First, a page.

How’s your local bobby, then? Flashes you a small salute and a smile when he stops you, does he? Calls you ‘Sir’ or ‘Madam’, sends you on your way with a cheerful “Many thanks, sir”? Right. Me neither.
When the PSNI first appeared on the streets in their funny new uniform, the change of tone was unmissable. They were courteous, they smiled – you got the feeling they were on the same side as you. Which it’s fair to expect they should be, given that when they talk to you or me, they’re talking to their employer.
More recently, I’ve found the tone has become somewhat more abrupt.I had a police officer a few months ago reprimand me for having my fog lights (accidentally) on. “Count yourself lucky – if you’d been stopped by my colleague up ahead you could be looking at a £60 fine”. Not the way most people talk to their boss.
A report at the beginning of this month suggests the training of today’s PSNI recruits has a distinct military-style twist to it. Recruits are fearful of failing. So fearful that fifty-four of them cheated in their exam and have been forced to repeat their twenty-two weeks of training. All recruits have to march from class to class, they’re forced to do push-ups in uniform and to sprint wearing business clothes.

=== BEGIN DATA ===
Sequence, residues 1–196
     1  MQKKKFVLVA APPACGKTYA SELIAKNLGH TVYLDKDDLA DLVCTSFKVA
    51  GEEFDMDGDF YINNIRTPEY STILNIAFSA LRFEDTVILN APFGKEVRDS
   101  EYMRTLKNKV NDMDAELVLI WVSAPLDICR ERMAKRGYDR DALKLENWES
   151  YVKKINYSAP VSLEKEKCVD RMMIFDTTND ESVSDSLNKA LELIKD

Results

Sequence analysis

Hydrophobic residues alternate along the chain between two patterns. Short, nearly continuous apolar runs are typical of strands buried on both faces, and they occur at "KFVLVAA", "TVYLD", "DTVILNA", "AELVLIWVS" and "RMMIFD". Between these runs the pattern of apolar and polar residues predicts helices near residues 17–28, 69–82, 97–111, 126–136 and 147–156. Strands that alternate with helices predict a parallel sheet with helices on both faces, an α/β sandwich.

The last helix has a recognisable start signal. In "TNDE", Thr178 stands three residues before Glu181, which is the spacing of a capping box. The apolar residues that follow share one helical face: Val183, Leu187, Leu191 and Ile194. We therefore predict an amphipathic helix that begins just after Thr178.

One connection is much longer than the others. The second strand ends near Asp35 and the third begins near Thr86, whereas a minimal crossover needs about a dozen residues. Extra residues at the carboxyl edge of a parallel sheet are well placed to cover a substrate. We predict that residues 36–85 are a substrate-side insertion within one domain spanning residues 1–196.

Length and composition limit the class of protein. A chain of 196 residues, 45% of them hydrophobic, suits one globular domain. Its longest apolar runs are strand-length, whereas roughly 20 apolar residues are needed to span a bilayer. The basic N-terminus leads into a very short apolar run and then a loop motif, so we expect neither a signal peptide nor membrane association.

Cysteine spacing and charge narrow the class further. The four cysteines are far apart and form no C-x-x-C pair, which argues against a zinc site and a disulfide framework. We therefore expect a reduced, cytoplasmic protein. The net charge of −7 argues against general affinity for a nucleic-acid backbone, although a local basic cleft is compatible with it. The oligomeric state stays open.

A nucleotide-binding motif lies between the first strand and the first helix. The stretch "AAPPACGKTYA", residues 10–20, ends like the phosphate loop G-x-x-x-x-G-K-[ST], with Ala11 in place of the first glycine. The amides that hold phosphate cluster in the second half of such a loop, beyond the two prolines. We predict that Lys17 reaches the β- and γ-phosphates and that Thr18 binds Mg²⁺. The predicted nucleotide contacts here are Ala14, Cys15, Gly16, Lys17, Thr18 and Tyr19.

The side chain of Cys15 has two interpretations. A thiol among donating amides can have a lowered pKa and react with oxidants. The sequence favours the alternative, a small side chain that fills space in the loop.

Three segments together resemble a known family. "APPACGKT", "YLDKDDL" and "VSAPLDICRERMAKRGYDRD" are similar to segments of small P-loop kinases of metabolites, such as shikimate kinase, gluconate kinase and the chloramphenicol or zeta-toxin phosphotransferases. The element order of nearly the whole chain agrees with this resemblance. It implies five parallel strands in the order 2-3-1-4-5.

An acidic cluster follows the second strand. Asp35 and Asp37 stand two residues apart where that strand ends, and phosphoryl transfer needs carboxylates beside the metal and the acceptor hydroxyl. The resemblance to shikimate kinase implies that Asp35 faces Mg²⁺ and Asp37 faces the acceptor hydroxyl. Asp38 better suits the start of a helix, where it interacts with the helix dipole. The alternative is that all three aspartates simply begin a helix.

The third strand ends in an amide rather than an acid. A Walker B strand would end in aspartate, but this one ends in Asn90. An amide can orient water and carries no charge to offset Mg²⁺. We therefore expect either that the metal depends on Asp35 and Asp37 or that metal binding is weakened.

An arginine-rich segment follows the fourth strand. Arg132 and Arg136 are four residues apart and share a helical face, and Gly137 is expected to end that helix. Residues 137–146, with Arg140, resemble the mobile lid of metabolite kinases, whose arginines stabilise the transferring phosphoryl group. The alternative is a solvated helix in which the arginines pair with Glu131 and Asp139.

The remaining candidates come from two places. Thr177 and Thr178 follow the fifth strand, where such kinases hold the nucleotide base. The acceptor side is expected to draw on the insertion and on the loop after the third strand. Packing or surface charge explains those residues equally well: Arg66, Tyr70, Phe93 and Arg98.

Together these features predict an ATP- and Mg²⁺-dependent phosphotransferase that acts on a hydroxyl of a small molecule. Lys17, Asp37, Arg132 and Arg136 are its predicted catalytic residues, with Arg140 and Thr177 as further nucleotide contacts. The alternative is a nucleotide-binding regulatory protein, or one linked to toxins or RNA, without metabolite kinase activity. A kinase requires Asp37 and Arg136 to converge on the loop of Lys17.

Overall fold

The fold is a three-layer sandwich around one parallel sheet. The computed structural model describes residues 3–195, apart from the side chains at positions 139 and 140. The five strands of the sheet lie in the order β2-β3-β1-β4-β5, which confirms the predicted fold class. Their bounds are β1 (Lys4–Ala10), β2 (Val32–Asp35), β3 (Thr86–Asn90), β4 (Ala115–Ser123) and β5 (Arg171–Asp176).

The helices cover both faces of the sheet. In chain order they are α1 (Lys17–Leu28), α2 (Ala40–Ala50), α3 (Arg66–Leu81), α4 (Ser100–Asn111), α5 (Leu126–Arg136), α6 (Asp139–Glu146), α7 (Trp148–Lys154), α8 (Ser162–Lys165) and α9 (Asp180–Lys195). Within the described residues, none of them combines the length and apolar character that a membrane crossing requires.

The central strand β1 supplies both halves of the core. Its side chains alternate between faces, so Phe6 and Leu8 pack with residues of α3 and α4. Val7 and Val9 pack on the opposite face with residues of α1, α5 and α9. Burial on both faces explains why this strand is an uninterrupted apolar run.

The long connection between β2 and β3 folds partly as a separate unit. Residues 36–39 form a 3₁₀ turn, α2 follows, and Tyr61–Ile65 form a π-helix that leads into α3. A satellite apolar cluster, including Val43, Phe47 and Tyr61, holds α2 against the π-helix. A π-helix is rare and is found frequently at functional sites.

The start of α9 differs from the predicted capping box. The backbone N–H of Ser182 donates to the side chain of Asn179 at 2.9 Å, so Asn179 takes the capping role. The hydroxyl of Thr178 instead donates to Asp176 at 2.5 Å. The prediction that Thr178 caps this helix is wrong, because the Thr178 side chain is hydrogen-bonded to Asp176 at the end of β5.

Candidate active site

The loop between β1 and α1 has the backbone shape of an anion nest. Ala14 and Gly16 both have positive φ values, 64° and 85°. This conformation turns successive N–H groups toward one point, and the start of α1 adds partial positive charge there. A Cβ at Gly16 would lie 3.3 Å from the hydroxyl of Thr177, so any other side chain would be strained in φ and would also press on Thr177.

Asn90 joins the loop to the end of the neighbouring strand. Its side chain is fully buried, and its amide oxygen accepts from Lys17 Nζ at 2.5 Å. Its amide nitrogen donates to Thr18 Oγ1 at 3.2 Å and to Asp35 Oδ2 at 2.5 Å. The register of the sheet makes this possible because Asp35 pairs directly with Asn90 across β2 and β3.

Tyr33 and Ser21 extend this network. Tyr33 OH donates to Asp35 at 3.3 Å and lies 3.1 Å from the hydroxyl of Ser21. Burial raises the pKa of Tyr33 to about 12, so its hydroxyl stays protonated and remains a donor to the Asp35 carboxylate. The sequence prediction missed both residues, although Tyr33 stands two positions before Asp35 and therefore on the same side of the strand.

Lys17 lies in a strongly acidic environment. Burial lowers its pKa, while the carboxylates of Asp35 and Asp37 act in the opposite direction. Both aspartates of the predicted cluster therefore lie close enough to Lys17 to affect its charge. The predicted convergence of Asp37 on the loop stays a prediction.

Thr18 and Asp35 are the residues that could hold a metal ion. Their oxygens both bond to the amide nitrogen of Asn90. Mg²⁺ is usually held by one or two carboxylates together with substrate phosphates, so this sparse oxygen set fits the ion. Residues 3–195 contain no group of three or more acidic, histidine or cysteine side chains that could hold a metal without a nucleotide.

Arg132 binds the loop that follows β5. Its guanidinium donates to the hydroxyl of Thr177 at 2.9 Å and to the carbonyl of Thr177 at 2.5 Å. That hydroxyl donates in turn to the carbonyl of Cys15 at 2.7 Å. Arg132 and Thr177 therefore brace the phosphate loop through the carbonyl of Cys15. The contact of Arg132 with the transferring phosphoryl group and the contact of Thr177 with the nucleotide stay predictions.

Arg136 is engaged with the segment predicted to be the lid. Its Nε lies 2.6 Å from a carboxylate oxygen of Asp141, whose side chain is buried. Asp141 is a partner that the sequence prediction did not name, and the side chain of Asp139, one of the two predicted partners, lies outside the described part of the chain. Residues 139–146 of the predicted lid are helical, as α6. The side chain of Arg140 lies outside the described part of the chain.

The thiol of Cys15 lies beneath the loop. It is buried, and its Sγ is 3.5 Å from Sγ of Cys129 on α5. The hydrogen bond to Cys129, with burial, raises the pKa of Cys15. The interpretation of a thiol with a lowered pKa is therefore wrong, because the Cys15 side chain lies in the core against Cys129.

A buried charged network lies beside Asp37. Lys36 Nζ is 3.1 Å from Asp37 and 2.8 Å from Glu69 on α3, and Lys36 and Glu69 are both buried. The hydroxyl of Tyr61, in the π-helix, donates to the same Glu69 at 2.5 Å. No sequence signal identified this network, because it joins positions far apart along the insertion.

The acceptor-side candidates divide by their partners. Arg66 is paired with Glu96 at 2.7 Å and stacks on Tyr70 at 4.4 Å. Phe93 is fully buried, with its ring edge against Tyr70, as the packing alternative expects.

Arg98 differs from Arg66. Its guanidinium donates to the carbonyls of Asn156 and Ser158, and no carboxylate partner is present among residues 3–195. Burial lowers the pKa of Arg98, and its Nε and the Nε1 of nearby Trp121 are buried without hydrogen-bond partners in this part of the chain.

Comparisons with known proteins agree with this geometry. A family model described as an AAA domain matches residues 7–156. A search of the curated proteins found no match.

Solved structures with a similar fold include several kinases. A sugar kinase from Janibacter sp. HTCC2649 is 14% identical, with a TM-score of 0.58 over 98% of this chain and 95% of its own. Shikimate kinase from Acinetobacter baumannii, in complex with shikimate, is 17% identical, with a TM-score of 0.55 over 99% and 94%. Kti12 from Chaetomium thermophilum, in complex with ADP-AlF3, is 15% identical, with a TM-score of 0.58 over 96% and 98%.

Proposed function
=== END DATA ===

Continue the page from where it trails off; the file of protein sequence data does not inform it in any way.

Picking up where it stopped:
No doubt all of that will change or has changed, given the critical report. But it suggests that our new Police Service (you do know they’re our servants, don’t you?) has a tendency to harden into the more abrupt and aggressive people skills that we’d all like to see left behind with the RUC Police Force.
I’ll shortly be putting up a link to an interview I did last week with Mark Thompson of the Relatives for Justice group. He ranges widely in the twenty-minute interview, but what he has to say about the PSNI is revealing. And for at least one trusting soul (moi), a little disillusioning.